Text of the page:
Telstra added 292,000 customers on the National Broadband Network (NBN) in the second half of 2016 but margins on those connections are down due to increasing competition in the market. Here’s what you need to know.
At today’s Telstra half-year financial results (ending December 31, 2016), the telco revealed it has added 292,000 new customers for its NBN services over a six-month period. It now has 792,000 NBN customers; making up 51% of the fixed-line NBN market. Around 636,000 of those connections are for fixed-voice and data bundle and
52,000 are data only connections.
Bear in mind, Telstra has started migrating its copper network users onto the NBN so not all of those connections are from new customers. According to the financial results, Telstra added 90,000 fixed data retail customers in the second half of 2016.
As of December 31, 2016, there were 1.6 million active users on the NBN network.
“Telstra has performed well in a highly competitive market, gaining subscriber numbers in mobiles, retail fixed plans and market share in NBN despite increased competition,” the company said in its financial report.
While Telstra has accumulated a lot of NBN customers, growth in competition in the market has driven down the revenue it makes per connection. Average revenue per user (ARPU) for fixed-data services, including NBN services, has been driven down as competition heats up.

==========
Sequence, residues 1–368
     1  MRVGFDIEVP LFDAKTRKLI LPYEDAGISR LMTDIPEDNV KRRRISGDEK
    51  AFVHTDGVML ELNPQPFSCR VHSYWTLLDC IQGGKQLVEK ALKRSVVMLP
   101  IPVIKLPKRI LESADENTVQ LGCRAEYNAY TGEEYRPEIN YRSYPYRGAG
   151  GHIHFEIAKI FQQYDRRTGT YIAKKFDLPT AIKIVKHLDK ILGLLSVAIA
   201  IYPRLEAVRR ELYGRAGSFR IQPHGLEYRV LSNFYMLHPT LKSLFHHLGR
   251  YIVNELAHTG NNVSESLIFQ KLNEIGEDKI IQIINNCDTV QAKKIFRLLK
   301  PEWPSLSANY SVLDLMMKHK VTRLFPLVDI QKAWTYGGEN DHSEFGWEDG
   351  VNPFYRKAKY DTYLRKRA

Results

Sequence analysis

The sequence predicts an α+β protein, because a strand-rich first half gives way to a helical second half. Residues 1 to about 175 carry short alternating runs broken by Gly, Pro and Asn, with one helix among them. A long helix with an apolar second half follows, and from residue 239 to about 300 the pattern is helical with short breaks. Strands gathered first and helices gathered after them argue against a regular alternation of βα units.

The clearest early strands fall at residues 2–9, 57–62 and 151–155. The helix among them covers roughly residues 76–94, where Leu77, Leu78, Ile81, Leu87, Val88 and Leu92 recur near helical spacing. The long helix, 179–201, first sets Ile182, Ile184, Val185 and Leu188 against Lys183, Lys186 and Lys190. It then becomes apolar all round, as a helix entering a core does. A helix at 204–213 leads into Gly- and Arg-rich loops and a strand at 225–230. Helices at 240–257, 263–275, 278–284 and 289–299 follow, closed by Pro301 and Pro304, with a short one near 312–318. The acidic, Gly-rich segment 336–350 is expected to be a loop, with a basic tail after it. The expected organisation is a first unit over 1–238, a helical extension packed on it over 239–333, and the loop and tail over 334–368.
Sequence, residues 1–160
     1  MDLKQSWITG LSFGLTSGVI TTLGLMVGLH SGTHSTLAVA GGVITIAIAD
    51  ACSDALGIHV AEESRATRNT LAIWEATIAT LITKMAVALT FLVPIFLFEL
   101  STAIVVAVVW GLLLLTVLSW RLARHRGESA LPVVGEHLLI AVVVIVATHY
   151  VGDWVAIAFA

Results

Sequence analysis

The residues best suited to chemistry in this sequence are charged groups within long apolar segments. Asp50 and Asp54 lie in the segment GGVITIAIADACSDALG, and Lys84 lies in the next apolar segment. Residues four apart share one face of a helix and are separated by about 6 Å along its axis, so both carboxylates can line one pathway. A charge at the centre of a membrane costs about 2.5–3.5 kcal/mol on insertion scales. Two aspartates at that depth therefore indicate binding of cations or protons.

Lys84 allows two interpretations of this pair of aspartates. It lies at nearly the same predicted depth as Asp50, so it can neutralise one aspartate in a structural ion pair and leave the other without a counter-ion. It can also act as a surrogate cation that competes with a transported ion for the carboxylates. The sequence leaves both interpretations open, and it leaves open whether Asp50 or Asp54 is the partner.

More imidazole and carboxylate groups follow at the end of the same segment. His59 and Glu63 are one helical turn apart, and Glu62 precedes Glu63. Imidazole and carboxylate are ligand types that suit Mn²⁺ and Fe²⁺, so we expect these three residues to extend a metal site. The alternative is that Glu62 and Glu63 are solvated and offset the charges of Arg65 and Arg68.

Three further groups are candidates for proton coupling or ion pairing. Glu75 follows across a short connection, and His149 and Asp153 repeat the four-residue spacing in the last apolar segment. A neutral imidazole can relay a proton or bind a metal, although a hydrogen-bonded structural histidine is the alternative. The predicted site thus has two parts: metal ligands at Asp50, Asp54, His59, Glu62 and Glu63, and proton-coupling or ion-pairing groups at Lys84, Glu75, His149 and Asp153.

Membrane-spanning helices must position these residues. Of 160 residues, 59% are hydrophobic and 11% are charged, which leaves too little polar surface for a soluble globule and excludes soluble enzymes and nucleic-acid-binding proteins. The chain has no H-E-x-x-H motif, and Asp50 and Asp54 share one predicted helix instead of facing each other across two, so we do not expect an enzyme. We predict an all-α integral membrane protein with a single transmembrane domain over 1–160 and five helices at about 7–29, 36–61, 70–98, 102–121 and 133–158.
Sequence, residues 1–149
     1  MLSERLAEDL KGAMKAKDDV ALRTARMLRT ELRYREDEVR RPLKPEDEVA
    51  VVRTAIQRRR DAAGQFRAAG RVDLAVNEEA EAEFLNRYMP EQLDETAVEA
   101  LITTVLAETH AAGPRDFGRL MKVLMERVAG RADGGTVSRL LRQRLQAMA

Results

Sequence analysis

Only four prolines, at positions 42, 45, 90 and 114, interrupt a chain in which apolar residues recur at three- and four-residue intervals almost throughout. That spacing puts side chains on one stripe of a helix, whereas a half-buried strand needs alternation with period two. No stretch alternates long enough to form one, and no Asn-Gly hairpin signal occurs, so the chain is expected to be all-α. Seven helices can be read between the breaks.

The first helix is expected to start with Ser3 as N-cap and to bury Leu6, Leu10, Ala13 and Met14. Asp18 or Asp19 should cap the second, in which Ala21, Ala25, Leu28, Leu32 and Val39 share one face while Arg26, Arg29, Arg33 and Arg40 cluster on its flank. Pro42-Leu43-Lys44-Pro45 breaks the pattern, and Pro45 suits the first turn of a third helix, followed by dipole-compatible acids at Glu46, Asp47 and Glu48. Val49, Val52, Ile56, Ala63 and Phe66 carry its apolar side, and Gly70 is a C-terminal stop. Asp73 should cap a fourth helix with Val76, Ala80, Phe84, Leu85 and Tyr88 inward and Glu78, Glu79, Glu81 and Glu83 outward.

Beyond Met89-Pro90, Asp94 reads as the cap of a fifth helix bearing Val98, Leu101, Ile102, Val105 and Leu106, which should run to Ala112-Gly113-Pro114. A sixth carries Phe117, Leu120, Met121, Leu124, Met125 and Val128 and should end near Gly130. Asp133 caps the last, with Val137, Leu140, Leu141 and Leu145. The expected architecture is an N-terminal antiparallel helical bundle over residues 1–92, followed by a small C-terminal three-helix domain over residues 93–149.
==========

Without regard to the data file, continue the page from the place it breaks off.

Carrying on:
Earnings before interest, tax, depreciation and amortisation (EBITDA) margins for fixed-line services are also down:
“Fixed voice and fixed data EBITDA margins declined compared to the prior corresponding period due to the upfront costs in connecting our NBN customers in addition to growing ongoing network payments to NBN Co.”
Telstra is banking on its bundled services and complementary products to attract even more customers to subscribe to its NBN services:
“We are determined to become Australia’s leading provider of consumer and business services on the nbn. We have a clear strategy to differentiate our services based on network quality and unique products and content experiences that are better with Telstra, such as Telstra Air and Telstra TV.”
Overall, Telstra’s half-year financial results were disappointing. Profits were down by 14.4% to $1.79 billion and revenue declined 3.6% to $12.8 billion.
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